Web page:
In an action, inter alia, to recover damages for negligence, breach of contract, and breach of warranty of quiet enjoyment, the defendants George Dramitinos, Eleni Dramitinos, and GNE Realty, LLC, appeal (1) from an order of the Supreme Court, Queens County (Taylor, J.), dated June 12, 2009, which denied, as untimely, their motion for summary judgment dismissing the complaint insofar as asserted against them by the plaintiff Meir Adika, and (2), as limited by their brief, from so much of an order of the same court dated September 28, 2009, as, upon renewal, adhered to the original determination.
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This opinion is uncorrected and subject to revision before publication in the Official Reports.
STEVEN W. FISHER, J.P., JOSEPH COVELLO, L. PRISCILLA HALL and SANDRA L. SGROI, JJ.
ORDERED that the appeal from the order dated June 12, 2009, is dismissed as academic, in light of our determination on the appeal from the order dated September 28, 2009; and it is further,
ORDERED that the order dated September 28, 2009, is reversed insofar as appealed from, on the law, on the facts, and in the exercise of discretion, upon renewal, the order dated June 12, 2009, is vacated, and the motion of the defendants George Dramitinos, Eleni Dramitinos, and GNE Realty, LLC, for summary judgment dismissing the complaint insofar as asserted against them by the plaintiff Meir Adika is granted; and it is further,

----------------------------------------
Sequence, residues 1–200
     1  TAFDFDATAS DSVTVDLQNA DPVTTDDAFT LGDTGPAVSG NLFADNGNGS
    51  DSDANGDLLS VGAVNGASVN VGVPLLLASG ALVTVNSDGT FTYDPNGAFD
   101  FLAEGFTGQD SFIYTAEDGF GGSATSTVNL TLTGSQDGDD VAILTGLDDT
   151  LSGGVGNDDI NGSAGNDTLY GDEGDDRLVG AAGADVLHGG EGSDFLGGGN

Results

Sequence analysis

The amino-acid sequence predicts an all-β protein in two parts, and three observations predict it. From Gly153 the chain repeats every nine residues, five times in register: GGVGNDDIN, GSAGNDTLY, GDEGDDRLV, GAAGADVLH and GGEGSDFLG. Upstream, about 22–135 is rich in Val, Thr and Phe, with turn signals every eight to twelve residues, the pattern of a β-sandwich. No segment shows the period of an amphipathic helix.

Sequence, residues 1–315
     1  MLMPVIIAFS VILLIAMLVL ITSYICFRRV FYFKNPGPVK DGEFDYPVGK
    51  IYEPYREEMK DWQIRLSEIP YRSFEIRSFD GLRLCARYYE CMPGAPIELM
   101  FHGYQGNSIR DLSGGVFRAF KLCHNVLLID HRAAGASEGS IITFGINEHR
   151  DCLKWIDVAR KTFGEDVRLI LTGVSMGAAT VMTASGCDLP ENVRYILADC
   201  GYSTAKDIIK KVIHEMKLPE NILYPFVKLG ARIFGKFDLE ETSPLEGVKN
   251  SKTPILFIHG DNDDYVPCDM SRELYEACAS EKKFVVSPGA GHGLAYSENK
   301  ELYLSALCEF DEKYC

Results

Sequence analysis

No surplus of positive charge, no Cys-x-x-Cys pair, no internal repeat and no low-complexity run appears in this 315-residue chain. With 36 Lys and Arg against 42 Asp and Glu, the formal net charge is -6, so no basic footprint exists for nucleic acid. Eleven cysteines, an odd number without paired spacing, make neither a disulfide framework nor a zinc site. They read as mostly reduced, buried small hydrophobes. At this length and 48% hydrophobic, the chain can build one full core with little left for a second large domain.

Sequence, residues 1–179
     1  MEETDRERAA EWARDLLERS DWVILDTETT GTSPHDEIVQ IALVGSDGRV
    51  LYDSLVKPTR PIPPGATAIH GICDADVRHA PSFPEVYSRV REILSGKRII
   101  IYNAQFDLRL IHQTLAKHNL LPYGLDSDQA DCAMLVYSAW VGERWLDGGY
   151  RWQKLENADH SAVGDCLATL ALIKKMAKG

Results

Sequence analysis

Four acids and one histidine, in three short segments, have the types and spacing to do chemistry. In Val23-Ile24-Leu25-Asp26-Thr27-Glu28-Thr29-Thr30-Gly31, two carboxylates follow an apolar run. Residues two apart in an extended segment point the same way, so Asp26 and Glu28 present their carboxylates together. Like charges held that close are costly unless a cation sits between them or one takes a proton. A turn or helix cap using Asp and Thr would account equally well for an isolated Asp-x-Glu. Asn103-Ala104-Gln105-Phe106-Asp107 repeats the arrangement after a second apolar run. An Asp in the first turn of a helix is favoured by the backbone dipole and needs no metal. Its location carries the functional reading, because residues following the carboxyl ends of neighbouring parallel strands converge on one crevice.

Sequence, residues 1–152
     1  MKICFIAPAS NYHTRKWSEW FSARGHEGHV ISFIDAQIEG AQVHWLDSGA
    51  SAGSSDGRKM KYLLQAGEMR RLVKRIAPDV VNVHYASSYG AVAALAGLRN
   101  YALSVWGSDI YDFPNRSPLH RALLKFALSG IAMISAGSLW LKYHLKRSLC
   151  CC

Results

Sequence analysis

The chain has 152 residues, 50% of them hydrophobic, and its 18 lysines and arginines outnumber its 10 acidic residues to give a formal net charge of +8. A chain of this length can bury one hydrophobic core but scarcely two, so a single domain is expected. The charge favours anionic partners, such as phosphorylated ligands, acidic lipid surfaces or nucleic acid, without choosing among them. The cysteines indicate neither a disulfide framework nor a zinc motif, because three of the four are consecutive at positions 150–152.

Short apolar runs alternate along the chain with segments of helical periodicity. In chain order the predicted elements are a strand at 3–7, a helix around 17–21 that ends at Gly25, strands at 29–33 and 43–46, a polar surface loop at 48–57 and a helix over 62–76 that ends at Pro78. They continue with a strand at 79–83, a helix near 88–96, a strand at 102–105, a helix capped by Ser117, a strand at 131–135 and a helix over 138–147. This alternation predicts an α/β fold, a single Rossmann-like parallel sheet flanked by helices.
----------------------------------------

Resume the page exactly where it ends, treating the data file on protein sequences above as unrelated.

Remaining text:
ORDERED that one bill of costs is awarded to the appellants.
The Supreme Court improvidently exercised its discretion in refusing to entertain the appellants' motion on the merits, on the ground that the motion was made five days after the expiration of 120 days after the filing of a note of issue (see CPLR 3212[a]; Brill v City of New York, 2 NY3d 648, 652). Upon renewal, the appellants established that there was good cause for the delay. Among other things, the New York State Unified Court System's public Web site incorrectly stated that the note of issue was filed five days after it was in fact filed, the appellants reasonably relied upon the public Web site (see e.g. Matter of L & Q Realty Corp. v Assessor, 71 AD3d 1025), and the appellants had no reason to believe that the information contained in the public Web site was not correct.
On the merits, the appellants, as the landlord of the plaintiff Meir Adika, established their entitlement to judgment as a matter of law based upon the affidavit of an expert stating that the fire which damaged the leased premises was caused by an upstairs tenant's failure to clean accumulations of lint in a dryer inside the upstairs tenant's apartment, and not by any action or inaction by the appellants. The appellants further established that Adika acknowledged in writing that their "obligation has been met to restore my premises as it was prior to the fire," and that the appellants had no obligation pursuant to the terms of the lease to repair or replace Adika's "furniture and/or furnishings or any fixtures or equipment, improvements, or appurtenances removable by tenant." The appellants further established as a matter of law that they did not disturb Adika's beneficial enjoyment and possession of the premises. In opposition, Adika failed to raise a triable issue of fact. Adika's remaining contentions are without merit, or are not properly before this Court.
FISHER, J.P., COVELLO, HALL and SGROI, JJ., concur.
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